This year's Southeastern Archaeological Conference (SEAC) is in Athens, Georgia, which I hear is very nice. I put together a small symposium titled "Hunter-Gatherer Societies of the Late Pleistocene and Early Holocene Southeast" (session 35 in the program). I originally wrote about the idea last April. We ended up with papers by seven presenters: Al Goodyear, Doug Sain, David Thulman and Maile Neel, Kara Bridgman Sweeney, Joe Wilkinson, Sarah Gilleland, and me. Here is the symposium abstract:
"Societies are groups of people defined by persistent social interaction. While the characteristics of the late Pleistocene and early Holocene hunter-gatherer societies of the Southeast certainly varied, archaeological data generally suggest that these societies were often geographically extensive and structurally complex. Patterns of artifact variability and transport, for example, demonstrate that small-scale elements (e.g., individuals, families, and foraging groups) were situated within much larger social fabrics. This session aims to explore the size, structure, and characteristics of early Southeastern hunter-gatherer societies, asking how patterns of face-to-face interactions at human scales “map up” to and are affected by larger social spheres."
I decided to use my contribution to think about the issue of a possible abandonment of the deep south during the later portion of the Early Archaic period. Here is the abstract for my presentation, titled "Social Implications of Large-Scale Demographic Change during the Early Archaic Period in the Southeast:"
"Previous studies of radiocarbon and projectile point distribution data have suggested the possibility of a significant shift in the distribution and/or behaviors of human populations during the later portion of the Early Archaic period (i.e., post-9000 RCYBP). This paper considers the evidence for an “abandonment” of large portions of the Southeast following the Kirk Corner Notched Horizon and explores (1) possible explanations for large-scale changes in the distribution of population in the Early Holocene and (2) how those demographic changes, if they occurred, might have articulated with social changes at the level of the family, foraging group, and larger societies."
I first became interested in the Early Archaic abandonment issue while reading Ken Sassaman's (2010) book Eastern Archaic, Historicized. Working on this presentation was fun because it forced me to try to think through some of the issues about how we would recognize a large-scale abandonment, what the abandonment process actually would have been like, and what the social ramifications might have been for the people and societies involved in that process. I'll tweak the presentation before I give it, but it's pretty close to done.
The first question is to ask is whether or not there was a large-scale abandonment of parts of the Southeast. On the surface (at least), I think the case is fairly compelling. Following the example of Faught and Waggoner's (2012) paper about Florida, I started compiling radiocarbon data from across the Eastern Woodlands to evaluate the idea. At 9,500 dates and counting, the radiocarbon database that I'm working on clearly supports the idea that there are far fewer than expected dates from 9000-7000 radiocarbon years before present (RCYBP) in the deep south:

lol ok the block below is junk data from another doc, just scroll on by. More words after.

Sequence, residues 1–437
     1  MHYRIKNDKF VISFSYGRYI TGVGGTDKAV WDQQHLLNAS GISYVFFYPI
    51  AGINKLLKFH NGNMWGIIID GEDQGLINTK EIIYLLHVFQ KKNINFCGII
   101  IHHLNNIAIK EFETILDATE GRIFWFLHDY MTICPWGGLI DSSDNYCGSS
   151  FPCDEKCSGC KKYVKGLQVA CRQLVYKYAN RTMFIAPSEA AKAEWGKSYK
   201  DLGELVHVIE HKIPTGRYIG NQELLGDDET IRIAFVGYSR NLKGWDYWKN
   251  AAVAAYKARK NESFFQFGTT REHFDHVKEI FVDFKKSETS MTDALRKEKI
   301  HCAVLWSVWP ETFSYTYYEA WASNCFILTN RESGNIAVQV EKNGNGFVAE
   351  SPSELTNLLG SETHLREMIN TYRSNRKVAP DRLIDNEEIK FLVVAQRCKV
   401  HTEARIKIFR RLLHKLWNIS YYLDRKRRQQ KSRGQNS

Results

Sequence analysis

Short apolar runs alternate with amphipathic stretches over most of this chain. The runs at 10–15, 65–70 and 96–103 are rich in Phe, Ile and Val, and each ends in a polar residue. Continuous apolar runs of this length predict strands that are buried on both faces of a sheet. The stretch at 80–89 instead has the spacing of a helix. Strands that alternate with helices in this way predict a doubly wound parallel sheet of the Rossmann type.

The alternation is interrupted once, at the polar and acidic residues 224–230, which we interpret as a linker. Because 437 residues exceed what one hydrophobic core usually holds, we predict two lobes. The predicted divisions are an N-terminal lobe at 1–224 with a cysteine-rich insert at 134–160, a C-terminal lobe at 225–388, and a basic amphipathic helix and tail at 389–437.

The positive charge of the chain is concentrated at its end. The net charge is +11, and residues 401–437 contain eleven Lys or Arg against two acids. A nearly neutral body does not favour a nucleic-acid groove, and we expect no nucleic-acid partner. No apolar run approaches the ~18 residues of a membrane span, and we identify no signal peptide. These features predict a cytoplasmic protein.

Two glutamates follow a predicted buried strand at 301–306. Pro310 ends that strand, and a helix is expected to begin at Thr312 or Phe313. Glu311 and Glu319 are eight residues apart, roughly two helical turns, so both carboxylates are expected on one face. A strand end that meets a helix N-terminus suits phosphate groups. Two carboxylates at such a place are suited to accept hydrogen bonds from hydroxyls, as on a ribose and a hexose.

The idea of a large-scale abandonment is also consistent with the distribution of post-Kirk lobed/bifurcate projectile points, which (unlike Kirk), does not extend into Louisiana, Florida, and southern Mississippi, Alabama, and Georgia.
But how would an abandonment actually take place? I can think of several ways that populations could shift out of an area. My gut is that an abandonment of the Atlantic Plain during the late Early Archaic would have most probably involved a contraction of populations into the Appalachian Highlands and Interior Plains. One of my favorite of Lew Binford's papers is his (1983) discussion of how hunter-gatherers often make extensive use of the landscape. Keeping his examples in mind, it's easy to imagine how "abandonment" could actually be the end result of a long-term process involving segments of the population getting "pulled in" to better quality environments in the course of normal decisions about movement.
Assuming population size stayed constant, this shift would have necessarily involved changes in mobility. If (based on Midwestern data) we assume that Kirk "bands" had a group mobility radius of about 200 km, there would have been room for about 18 such "bands" in the Eastern Woodlands. If you took that same population and crammed them into an area 33% smaller (i.e., the Eastern Woodlands minus the Atlantic Plain), the scale of group mobility would have to be reduced by 17% (mobility radius of 165 km) to keep everything else the same.
For me, this presentation was a machine for thinking. I can't "prove" anything, but going through the process of committing to an idea and preparing a presentation has forced me to attempt to think through some complex, interesting issues. I'm hoping I'll get some good feedback on my ideas ("interesting" and/or "you're full of it"), which obviously involve an extensive geographic area that I make no claim to have mastered.
I also hope to take full advantage of my hotel and at least quadruple my supply of ink pens. Every little bit helps.